On the opposite end of the spectrum, I actually was looking forward to The Edge of Tomorrow(even if the title is just soooo dumb, why couldn't they have just left it at All You Need is Kill?), but that was mostly because the premise in this movie was pretty killer. Tom Cruise lives through the same day over and over in his life in order to improve his fighting skills and strategies against an alien invasion. How he acquired those powers was kept away from the trailers, but it all gets established early on in the movie. Tom Cruise plays a character where he runs around a lot, but, this time, he's aided by wearing a weaponized robot suit that was built for winning against the driving conflict of an alien invasion. So, in short, what we have here is a killer time-loop premise mixed with robots and aliens.
Yeah, I can dig that even if the movie was less than stellar.
Luckily, the movie goes in with a surprisingly tight screenplay and story. It'd be one thing to have an action hero gain the super power to go back in time and redo his action scenes in order to get better in the fights he's had before, but what if this was happening to a guy who wasn't an action hero or anyone special? What if it happened to one of the most inept people to get thrown into combat in the first place? That's the clever turn around in this movie as Tom Cruise plays an incredible loser who they just throw into the lower ranks of "grunt combat" because the guy he plays is sort of a scumbag that nobody really wants to deal with.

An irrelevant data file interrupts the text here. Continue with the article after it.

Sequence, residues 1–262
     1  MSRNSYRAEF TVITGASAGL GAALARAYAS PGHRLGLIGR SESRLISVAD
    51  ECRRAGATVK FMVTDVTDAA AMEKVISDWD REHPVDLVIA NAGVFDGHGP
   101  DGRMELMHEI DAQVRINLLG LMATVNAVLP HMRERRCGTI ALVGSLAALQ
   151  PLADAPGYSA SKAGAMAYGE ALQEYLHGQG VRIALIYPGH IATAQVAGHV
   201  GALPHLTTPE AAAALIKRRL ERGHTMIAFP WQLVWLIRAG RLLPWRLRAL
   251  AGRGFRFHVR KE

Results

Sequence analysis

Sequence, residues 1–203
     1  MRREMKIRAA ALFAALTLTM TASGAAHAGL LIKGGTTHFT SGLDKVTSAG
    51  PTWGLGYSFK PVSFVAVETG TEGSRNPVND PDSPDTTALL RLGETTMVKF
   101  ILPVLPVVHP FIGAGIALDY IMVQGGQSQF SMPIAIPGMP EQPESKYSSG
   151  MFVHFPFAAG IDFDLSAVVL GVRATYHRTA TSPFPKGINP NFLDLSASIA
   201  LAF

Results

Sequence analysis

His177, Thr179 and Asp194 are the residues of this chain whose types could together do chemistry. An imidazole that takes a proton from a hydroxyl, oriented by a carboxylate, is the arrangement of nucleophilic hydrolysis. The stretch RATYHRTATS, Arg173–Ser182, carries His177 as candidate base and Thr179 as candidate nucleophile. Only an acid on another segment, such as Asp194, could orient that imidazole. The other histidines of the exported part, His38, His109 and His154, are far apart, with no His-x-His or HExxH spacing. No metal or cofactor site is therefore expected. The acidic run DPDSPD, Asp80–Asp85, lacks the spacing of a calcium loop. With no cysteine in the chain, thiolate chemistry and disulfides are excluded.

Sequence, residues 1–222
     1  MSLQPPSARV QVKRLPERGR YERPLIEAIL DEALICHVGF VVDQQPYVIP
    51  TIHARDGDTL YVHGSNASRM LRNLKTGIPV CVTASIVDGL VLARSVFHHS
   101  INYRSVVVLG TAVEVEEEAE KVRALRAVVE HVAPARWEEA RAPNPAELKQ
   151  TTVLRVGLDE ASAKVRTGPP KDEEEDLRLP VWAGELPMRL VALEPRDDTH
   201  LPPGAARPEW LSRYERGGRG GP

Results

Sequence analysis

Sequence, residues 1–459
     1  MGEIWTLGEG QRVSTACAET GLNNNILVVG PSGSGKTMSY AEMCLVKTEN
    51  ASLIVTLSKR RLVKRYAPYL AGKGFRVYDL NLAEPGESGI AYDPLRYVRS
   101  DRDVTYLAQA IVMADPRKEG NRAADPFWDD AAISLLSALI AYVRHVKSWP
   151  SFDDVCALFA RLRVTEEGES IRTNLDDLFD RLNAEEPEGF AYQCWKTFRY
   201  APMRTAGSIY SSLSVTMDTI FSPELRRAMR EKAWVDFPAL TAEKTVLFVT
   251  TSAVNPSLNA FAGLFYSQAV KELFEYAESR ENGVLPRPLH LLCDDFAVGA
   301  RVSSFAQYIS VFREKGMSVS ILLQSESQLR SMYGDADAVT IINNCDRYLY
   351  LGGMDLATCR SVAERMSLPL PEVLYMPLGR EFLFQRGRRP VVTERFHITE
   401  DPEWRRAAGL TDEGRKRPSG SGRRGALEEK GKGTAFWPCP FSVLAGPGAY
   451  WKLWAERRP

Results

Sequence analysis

As Sinistar once said "Ron Howard!!!"
After an extended war sequence where Tom Cruise runs around and barely survives every single alien encounter he goes through, he kills one of the alien forces through dumb luck but dies due to the aliens acidic blood pouring all over him. Of course, a guy like this would have died through combat, but, after his death scene, he awakens back to the beginning of the day where he finds himself in the lower ranks. This time, it's realized that they are fighting a losing battle and it must be something to do with the alien blood that got dumped all over Cruise's face. Of course, as he tries to explain that he's been through this day before and tries to warn everybody that the battlefront they are getting into is actually going to be a death trap, nobody believes him. So, it's up to him to use this new found power to his advantage.
I've talked with people who were worried that the scenes were probably going to get repetitive since he would have to be living through the same day over and over again, but the movie is way too smart to let this happen. Sure, we'll see the same scenes play out differently after Tom Cruise realizes that this certain action is what's going to kill him, but they cleverly cut out all of the scenes that we don't need to see again. Most of the time when they do repeat a scene, it's usually back to back as they show Tom Cruise perform an action, die due to something stupid, a shot of him getting mad and frustrated, and then back to the same scene but he corrects his mistake this time. You could probably compare it to a video game only if it were the kind of video game that will let you choose the point you would want to redo again.